Inexpensive Doesn’t Have to Mean Cheap

I had an interesting conversation with a co-worker yesterday about inexpensive clothing. I told her my instructor, for my FSH 619 class Developments and Current Debates in Fashion at Academy of Art University, asked if we’d seen any changes in fast-fashion recently? When I told her, I’d said, “Yes,” and pointed out the new day from Target plaid jacket and blue and white striped shirt dress I was wearing while stating it was a real bargain, she flew into a thinly veiled rage.

“People in this area, of Koreatown, would rather buy as many pants and tops as they can at Ross, then spend more money on one thing that might be “longer lasting” at Target, she said. “Besides their clothes are too expensive.”

Laughing I told her that I didn’t blame them because the skinny jeans, Harajuku Lovers sneakers I was wearing and the Betsey Johnson purse I carried that day were all bought at Ross over two years ago. It’s true that I’ve been mistaken as an extremely wealthy fashionista because I know my way around an outfit, and I always try to upgrade whatever I wear to emulate a Vogue, Porter, Nylon, Elle or Marie Claire layout, but my ultimate goal is to find quality items at a great price with great style.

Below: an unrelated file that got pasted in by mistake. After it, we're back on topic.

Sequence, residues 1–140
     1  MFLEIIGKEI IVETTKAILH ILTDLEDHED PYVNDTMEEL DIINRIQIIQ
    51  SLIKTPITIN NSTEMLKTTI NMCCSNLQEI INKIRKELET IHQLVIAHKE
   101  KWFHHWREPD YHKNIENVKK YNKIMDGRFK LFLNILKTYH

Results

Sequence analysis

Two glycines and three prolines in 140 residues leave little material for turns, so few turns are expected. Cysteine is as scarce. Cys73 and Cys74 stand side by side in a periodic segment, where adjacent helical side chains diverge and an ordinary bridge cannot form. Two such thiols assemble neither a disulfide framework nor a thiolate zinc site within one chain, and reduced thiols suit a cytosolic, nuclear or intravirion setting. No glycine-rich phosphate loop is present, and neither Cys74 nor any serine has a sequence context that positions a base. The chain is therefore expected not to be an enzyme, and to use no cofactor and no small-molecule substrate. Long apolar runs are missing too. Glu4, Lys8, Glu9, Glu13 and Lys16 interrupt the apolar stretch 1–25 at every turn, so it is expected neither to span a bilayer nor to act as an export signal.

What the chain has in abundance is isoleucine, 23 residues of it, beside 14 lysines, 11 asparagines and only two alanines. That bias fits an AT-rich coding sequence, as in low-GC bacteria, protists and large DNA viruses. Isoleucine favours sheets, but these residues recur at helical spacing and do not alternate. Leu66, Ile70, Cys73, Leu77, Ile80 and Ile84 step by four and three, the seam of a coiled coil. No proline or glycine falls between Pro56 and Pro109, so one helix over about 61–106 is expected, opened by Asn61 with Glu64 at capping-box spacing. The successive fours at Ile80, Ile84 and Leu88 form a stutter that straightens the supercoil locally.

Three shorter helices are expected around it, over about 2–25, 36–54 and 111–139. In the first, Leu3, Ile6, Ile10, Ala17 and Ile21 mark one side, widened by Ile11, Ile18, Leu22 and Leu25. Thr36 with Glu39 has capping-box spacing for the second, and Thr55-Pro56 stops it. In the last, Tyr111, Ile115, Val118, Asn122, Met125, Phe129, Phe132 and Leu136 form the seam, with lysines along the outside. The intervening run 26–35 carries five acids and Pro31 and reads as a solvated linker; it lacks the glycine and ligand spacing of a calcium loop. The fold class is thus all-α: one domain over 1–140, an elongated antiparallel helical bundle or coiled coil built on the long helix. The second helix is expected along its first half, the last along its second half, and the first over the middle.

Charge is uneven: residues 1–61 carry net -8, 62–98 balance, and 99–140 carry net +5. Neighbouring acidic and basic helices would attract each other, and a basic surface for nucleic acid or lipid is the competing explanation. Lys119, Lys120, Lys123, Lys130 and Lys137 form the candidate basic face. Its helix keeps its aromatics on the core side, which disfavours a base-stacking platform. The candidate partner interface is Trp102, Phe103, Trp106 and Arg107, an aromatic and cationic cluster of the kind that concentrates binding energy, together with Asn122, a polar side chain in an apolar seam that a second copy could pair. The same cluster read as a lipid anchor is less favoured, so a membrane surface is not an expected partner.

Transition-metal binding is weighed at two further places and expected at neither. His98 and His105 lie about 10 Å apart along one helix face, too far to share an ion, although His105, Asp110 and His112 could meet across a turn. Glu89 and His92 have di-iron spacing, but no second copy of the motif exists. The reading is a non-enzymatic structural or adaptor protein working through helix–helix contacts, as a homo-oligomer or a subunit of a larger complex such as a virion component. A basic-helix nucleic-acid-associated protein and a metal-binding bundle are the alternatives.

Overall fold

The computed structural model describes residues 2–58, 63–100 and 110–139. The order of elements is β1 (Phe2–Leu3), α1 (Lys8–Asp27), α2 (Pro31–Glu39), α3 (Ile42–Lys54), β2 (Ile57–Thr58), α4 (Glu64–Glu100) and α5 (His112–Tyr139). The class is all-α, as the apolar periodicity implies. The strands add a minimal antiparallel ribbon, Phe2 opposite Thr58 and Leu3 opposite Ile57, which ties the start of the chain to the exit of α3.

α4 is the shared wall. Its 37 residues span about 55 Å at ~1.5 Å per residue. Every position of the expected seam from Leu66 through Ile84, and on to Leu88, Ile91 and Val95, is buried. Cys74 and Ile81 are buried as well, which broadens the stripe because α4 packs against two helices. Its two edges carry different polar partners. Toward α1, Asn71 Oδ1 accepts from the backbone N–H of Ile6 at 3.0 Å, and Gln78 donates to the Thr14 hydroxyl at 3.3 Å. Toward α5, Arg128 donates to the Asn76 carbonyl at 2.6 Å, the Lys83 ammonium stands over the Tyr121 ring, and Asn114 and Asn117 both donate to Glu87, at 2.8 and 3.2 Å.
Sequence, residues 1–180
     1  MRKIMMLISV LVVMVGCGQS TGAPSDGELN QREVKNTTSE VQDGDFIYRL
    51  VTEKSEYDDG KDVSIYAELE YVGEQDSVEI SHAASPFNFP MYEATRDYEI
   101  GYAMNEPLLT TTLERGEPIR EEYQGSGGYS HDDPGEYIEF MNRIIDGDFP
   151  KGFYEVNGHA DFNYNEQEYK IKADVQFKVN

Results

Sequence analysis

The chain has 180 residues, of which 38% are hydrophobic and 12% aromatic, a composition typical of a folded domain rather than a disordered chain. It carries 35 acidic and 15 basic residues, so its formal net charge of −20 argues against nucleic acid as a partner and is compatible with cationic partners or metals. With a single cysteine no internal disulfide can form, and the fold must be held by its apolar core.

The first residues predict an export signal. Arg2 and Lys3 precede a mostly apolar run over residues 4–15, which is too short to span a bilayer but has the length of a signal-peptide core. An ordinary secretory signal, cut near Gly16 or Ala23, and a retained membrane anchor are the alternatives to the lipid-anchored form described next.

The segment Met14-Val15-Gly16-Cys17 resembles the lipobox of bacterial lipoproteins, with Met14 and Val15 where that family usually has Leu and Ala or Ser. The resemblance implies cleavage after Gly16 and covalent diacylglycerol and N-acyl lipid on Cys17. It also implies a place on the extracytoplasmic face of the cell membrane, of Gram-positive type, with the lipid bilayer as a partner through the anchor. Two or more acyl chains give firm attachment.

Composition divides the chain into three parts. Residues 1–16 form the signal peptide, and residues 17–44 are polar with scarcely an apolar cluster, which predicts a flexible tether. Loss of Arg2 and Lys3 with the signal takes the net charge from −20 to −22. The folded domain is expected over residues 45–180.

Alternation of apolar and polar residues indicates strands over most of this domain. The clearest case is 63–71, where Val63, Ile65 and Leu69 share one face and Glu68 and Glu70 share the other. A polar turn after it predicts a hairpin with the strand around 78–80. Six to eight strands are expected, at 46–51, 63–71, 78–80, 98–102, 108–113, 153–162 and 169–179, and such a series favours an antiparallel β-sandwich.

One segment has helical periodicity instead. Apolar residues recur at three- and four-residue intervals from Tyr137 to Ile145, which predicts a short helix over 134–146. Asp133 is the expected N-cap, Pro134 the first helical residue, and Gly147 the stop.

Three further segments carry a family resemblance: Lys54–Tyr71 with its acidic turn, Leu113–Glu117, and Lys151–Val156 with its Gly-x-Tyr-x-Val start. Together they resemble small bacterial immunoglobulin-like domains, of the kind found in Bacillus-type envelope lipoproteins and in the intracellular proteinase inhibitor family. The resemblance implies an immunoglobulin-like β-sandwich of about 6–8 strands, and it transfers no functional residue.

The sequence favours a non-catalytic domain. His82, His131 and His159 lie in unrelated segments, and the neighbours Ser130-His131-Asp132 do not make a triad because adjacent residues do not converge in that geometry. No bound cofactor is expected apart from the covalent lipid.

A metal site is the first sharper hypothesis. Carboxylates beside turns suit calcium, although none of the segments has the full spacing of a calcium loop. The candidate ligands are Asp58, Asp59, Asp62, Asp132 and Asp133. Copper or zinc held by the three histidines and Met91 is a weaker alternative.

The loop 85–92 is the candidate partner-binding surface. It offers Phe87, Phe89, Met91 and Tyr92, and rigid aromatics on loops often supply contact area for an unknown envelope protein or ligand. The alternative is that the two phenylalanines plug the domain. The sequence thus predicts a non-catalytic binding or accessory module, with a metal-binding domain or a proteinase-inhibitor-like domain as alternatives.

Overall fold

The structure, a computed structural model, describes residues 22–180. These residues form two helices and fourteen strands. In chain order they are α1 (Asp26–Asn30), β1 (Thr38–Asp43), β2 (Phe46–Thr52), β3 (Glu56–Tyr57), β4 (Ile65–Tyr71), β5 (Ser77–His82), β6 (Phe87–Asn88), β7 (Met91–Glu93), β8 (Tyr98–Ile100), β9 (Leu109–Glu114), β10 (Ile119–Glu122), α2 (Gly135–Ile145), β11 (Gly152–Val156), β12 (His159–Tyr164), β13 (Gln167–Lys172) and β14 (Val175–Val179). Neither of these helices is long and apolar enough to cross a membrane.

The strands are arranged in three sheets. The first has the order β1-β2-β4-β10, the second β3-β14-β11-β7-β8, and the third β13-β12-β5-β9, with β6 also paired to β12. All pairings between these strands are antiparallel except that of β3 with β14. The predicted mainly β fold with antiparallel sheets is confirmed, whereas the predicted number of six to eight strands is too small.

Still reeling, from both the derision of my outfit and later a compliment about it from a woman on the bus home, I took my trash out the next day and saw a sordid display of discarded garments. On the one end of this issue, I was insulted for treating my fast-fashion with pride while this unknown culprit was applauded for being “poor”. Which one is right? The consumer who thinks about tomorrow or the person who could care less.

As this drama goes on, with both sides fighting for position, the only resolution I see is to realize we have a longer way to go to get back where we should be.20171110_163741-COLLAGE-1.jpg